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US Blu-ray and DVD Releases: His Dark Materials, The High Note, NCIS, Eureka, Dispatches From Elsewhere, Valley of the Gods, and more

The High Note

His Dark Materials: The Complete First Season – I was never a fan of The Golden Compass, the 2007 film that adapted Philip Pullman’s His Dark Materials book for the big screen, but I know the books are incredibly popular so I was intrigued when HBO announced a new series that would supposedly adapt the book series but do a better job of it. And now that I’ve dug into the show, I just have to wonder… why exactly are these books so popular? Or is it just that it’s unadaptable? After HBO hit a home run with Watchmen, I expected this series to be equally as amazing — or at least close to it — but I didn’t like it at all. I had no idea what was going on, for the most part, I don’t understand why people’s souls — that live in animals — are called Daemons (which seems unnecessarily confusing and makes them sound like a bad thing), and I don’t like any of the characters in the show at all. It takes a lot to make me not want to watch James McAvoy in something, as he’s one of my absolute favorite actors, but even he couldn’t save this show for me. Maybe if I’d read the books I’d feel differently, but a good show or movie doesn’t require foreknowledge of the source material. I’m sure this show has its fans, but I am definitely not one of them.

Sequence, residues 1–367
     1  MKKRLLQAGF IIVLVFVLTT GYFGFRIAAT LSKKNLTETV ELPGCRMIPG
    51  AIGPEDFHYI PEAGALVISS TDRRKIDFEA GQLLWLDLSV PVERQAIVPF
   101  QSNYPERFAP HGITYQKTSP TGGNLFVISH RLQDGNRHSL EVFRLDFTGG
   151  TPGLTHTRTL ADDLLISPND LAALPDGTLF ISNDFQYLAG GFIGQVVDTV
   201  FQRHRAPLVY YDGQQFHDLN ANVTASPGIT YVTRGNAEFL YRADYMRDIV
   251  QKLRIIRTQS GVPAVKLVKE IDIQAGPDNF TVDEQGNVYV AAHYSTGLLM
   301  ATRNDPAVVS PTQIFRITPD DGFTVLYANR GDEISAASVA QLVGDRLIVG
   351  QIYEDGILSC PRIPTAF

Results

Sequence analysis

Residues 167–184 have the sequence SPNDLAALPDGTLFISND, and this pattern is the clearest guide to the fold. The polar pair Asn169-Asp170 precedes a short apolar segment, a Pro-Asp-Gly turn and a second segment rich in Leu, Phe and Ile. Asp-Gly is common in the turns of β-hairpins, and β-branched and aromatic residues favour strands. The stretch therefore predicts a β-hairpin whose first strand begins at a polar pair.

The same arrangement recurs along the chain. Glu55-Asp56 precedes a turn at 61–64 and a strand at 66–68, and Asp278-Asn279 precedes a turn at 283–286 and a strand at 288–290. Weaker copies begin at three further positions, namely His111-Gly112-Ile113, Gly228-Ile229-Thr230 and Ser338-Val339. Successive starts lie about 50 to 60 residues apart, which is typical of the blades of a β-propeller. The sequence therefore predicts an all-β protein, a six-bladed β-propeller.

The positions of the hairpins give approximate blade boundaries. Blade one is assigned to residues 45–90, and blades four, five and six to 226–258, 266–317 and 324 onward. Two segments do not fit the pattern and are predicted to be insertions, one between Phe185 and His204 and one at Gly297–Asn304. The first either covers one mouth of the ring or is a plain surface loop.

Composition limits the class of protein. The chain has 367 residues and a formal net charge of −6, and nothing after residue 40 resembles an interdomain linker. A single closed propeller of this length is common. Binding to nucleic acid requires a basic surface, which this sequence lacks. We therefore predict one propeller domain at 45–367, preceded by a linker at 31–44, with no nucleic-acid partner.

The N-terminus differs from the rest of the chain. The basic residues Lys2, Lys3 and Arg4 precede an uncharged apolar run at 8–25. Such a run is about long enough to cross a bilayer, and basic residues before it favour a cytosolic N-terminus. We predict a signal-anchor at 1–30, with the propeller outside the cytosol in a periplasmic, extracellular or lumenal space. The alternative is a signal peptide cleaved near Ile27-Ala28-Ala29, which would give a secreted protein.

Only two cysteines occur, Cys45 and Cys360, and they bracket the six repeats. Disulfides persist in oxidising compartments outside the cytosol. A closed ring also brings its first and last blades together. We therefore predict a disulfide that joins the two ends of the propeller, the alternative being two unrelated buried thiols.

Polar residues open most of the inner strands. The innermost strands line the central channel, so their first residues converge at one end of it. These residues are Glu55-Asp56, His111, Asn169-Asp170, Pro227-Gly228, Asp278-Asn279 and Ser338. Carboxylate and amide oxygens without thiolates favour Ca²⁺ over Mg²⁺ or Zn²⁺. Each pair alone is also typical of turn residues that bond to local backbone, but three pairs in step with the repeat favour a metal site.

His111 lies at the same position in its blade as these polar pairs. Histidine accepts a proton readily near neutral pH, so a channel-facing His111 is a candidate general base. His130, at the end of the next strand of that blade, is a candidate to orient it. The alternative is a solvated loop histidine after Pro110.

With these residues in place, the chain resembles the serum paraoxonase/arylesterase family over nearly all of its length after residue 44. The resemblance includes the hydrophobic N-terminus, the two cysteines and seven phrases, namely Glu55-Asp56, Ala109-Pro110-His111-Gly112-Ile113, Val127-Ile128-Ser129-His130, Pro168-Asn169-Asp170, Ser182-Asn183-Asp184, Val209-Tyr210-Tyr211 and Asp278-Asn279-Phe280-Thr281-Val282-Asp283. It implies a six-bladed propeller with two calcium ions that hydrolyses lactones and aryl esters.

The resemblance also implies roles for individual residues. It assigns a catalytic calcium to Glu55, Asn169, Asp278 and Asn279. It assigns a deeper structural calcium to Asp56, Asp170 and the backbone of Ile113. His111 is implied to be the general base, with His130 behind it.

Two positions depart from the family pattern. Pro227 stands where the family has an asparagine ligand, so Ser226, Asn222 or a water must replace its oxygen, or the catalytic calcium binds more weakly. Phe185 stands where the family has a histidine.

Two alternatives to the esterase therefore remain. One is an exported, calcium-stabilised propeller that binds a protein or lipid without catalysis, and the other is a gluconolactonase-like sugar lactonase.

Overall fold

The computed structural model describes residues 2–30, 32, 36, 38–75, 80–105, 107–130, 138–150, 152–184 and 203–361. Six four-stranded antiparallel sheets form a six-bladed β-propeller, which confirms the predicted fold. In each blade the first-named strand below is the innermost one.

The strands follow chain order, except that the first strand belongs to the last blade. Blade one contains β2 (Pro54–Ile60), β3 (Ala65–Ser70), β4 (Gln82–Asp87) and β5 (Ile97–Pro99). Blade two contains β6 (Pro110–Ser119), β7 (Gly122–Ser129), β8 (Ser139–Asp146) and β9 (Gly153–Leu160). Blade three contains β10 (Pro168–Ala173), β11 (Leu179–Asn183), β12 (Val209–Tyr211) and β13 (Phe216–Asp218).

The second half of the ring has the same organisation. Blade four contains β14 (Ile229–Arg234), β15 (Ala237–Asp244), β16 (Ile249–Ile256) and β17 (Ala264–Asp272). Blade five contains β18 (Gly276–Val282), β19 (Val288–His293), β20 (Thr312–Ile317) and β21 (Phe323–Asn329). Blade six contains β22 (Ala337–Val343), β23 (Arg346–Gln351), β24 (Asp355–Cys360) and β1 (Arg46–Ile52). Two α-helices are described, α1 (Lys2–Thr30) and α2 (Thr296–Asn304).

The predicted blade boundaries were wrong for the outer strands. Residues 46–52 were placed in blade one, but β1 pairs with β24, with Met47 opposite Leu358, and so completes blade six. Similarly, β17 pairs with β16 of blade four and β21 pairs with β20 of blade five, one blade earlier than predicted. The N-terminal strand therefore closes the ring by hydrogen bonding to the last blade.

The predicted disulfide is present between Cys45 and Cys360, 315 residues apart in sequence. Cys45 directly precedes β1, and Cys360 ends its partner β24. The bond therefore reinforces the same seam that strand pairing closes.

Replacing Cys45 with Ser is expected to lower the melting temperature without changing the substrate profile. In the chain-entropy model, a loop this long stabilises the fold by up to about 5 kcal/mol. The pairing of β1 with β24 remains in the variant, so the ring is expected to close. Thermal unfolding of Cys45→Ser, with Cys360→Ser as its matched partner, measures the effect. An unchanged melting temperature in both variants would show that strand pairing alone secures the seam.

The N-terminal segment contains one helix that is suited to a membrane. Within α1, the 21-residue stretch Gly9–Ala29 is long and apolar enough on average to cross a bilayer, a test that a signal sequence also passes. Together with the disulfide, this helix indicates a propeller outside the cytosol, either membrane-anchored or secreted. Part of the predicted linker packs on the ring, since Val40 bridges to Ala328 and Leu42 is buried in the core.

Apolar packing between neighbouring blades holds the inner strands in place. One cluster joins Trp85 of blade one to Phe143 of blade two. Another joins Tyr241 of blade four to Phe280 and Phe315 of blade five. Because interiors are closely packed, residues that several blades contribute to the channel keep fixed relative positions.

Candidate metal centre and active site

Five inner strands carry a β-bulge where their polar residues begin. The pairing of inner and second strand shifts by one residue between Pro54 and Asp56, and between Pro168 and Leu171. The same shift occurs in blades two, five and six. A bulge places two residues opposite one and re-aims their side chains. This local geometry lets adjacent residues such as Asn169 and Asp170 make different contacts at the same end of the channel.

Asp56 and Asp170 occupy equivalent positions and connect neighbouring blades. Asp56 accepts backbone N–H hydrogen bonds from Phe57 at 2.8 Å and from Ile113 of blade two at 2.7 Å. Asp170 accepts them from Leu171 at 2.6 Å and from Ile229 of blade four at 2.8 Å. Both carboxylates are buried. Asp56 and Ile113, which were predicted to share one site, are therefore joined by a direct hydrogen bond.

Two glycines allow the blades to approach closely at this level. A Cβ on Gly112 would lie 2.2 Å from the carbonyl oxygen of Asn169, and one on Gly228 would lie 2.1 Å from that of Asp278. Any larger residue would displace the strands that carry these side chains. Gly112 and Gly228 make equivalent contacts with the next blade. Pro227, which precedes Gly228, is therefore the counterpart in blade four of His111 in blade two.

The High Note – One of the last main theatrical casualties of the Coronavirus is this music-themed drama starring Traces Ellis Ross and Dakota Johnson, which was scheduled to be released in March. I can’t recall if it actually made it into any theaters or not (I feel like maybe it got out to a few screens, but I’m not sure), but now it comes to home video this week, making it one of the few sort-of-theatrical releases to hit home video in the past two months. The film is a mostly enjoyable drama that treads familiar ground: Johnson plays Maggie, the assistant to famous singer Grace (Ross) who is, naturally, put upon, overworked, and under-appreciated. But Maggie wants more than to be just an assistant; she wants to produce. This is a story we’ve seen before, but that doesn’t really take away from the effectiveness of it. Ross is utterly fantastic in her role, and the film moves along at a pretty good pace, with characters engaging enough to keep us watching. It’s not a slam dunk, but it’s an enjoyable enough comfort-food film, the kind that’s easy to curl up on the couch with for a couple of hours.